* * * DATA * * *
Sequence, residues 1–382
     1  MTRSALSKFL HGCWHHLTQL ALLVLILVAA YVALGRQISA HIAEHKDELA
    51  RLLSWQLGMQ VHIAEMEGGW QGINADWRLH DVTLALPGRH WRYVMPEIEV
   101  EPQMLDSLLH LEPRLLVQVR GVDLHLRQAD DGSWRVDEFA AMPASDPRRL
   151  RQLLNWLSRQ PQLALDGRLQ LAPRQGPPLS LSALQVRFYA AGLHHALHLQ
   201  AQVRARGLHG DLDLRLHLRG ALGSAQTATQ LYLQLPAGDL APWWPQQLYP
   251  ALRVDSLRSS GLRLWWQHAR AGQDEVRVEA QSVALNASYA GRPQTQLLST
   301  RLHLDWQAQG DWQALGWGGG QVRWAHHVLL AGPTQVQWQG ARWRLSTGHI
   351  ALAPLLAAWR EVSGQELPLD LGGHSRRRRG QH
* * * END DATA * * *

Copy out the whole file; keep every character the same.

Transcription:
Sequence, residues 1–382
     1  MTRSALSKFL HGCWHHLTQL ALLVLILVAA YVALGRQISA HIAEHKDELA
    51  RLLSWQLGMQ VHIAEMEGGW QGINADWRLH DVTLALPGRH WRYVMPEIEV
   101  EPQMLDSLLH LEPRLLVQVR GVDLHLRQAD DGSWRVDEFA AMPASDPRRL
   151  RQLLNWLSRQ PQLALDGRLQ LAPRQGPPLS LSALQVRFYA AGLHHALHLQ
   201  AQVRARGLHG DLDLRLHLRG ALGSAQTATQ LYLQLPAGDL APWWPQQLYP
   251  ALRVDSLRSS GLRLWWQHAR AGQDEVRVEA QSVALNASYA GRPQTQLLST
   301  RLHLDWQAQG DWQALGWGGG QVRWAHHVLL AGPTQVQWQG ARWRLSTGHI
   351  ALAPLLAAWR EVSGQELPLD LGGHSRRRRG QH